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Favorable conditions offer hope for endangered elkhorn coral

Coral reefs, known as the rainforests of the sea, play a pivotal role in the world’s ecosystems. The elkhorn coral, a species of branching coral that has dramatically declined over the last few decades due to numerous environmental challenges, has found a surprising lifeline in the waters of Florida.

A groundbreaking study led by researchers at The Ohio State University reveals the key ingredients for restoring the critically endangered elkhorn coral. The revival of this particular coral depends heavily on its location, the surrounding environmental conditions, and the intricacies of its microbiome.

Focus of the study 

The researchers discovered a beacon of hope for the elkhorn coral in Florida’s Dry Tortugas National Park. This area’s unique oceanographic conditions have resulted in an environment where corals can prosper. 

The findings showed a direct correlation between these conditions and the growth and survival of elkhorn coral, including an observable positive impact on the coral’s microbiome – the diverse array of microbes that naturally associate with them.

Speaking about the study, senior author Professor Andréa Grottoli explained that elkhorn coral is now “functionally extinct” in Florida, despite being once a major architect of the reef ecosystem in the Caribbean. 

Environmental stressors

Professor Grottoli explained that the coral is highly sensitive and has suffered from environmental stressors such as marine disease and climate change, resulting in drastic population decline. Even though there are still some colonies, “there aren’t enough of them to effectively reproduce,” she said.

The survival and revival of the coral population is of utmost importance, particularly for regions like the Florida Keys. Coral reefs in this region provide protection against coastal erosion and significantly contribute to the local economy through tourism and federally managed fisheries. 

The decline of such an integral species can be a major blow to the ecosystem and economic stability, hence necessitating the study to determine the best strategies for its restoration.

Previous research 

In 2018, the researchers collaborated with the United States Geological Survey (USGS) and placed replicated elkhorn colonies in five different locations along Florida’s offshore coral reef. 

After two years of observation, the team was ready to sample the coral’s physiology and compare the fate of the colonies. They looked at a range of physiological traits vital to the coral’s survival, such as biomass, fat content, and indicators for coral feeding.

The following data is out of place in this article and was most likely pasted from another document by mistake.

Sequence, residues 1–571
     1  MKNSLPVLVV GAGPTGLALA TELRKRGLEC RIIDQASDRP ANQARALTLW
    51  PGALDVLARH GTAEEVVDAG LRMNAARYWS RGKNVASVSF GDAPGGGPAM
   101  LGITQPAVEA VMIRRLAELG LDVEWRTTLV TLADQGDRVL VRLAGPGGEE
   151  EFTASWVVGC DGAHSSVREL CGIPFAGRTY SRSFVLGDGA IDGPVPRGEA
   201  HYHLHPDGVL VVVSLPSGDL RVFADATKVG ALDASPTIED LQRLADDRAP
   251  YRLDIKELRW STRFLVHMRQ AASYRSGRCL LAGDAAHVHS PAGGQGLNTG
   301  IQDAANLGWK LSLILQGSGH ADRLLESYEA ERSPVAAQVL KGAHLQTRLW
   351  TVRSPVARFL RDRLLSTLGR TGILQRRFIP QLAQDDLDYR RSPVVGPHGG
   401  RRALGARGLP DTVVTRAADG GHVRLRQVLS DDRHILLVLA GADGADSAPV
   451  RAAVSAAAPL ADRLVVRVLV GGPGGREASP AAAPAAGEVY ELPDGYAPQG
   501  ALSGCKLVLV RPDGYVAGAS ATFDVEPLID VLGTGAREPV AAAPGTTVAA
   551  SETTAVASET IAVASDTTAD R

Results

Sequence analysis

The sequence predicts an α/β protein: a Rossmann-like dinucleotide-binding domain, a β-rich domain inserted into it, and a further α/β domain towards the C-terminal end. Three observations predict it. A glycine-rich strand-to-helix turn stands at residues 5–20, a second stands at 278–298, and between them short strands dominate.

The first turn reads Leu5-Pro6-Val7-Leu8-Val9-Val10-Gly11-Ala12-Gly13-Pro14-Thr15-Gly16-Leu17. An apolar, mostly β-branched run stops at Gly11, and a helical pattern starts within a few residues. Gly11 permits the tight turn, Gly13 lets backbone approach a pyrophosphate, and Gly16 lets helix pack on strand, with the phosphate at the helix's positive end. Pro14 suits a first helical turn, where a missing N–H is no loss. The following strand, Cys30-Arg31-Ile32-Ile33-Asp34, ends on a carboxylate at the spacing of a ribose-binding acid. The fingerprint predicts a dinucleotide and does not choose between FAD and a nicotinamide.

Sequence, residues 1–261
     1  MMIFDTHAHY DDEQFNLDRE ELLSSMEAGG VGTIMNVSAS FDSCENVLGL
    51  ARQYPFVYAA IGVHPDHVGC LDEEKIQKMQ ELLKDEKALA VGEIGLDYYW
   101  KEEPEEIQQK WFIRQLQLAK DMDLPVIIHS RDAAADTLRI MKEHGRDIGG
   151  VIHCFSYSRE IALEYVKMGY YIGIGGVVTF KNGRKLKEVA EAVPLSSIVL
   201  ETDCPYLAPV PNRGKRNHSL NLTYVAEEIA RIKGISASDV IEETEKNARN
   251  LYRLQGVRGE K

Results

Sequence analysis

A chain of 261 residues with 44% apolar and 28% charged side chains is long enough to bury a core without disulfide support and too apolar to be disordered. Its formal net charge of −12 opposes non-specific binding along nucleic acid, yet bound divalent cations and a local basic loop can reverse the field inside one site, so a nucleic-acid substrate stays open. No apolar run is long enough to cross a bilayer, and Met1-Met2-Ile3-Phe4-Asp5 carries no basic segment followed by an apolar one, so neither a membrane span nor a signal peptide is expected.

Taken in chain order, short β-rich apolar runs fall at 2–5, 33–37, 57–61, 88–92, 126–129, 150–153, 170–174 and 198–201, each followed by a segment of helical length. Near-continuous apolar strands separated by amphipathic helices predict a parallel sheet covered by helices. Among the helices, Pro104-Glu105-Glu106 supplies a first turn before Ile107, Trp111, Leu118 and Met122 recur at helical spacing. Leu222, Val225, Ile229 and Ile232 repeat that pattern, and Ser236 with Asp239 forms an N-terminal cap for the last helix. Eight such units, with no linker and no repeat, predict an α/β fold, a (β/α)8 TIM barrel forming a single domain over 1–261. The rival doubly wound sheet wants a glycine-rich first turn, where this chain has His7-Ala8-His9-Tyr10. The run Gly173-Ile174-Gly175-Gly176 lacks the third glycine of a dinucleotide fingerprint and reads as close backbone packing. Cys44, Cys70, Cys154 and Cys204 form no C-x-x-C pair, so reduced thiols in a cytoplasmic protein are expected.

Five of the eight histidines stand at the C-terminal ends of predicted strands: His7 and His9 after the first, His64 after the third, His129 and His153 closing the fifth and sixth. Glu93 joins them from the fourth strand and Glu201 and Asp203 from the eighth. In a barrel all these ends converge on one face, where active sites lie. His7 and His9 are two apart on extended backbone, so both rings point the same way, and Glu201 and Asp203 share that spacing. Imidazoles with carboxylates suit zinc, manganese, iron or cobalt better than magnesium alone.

What they found was striking. Of the five sites, only the samples from Dry Tortugas National Park showed significant signs of thriving. As Grottoli noted, “certain biological traits indicated that the Dry Tortugas corals were eating more zooplankton,” a critical nutrient source for the corals, playing a crucial role in tissue building and repair.

This observed abundance of food can be credited to the phenomenon of periodic upwellings that frequently occur in Dry Tortugas. These are wind-driven events that cause nutrient-rich water from the colder, deeper parts of the ocean to surge to the surface. This process stimulates zooplankton production and brings ample food for the elkhorn coral, creating a true oasis for the endangered species.

Potential restoration site

The study makes a strong case for the Dry Tortugas as a potential location for elkhorn coral restoration, adding to the increasing body of evidence advocating for this. Grottoli notes that the restored corals here could potentially provide a source population for new coral recruits throughout the Florida Keys. However, she also cautions that more research is needed to ascertain if other at-risk species could flourish in the same location.

Despite the optimistic outlook of their findings, Grottoli is clear that the study is not a panacea for all problems facing endangered coral populations. It’s about making smart decisions, she says, but the core issues of climate change and local stressors like overfishing and pollution need to be addressed.

“We’re trying to make smart conservation and restoration decisions, but at the core of this work is that coral reefs are declining because of climate change and local stressors like overfishing and pollution,” said Grottoli. “Until we address those two things, no matter how smart we are about coral restoration and conservation, we’re always just putting a band-aid on it.”

The research is published in the journal Nature Communications Earth and Environment.


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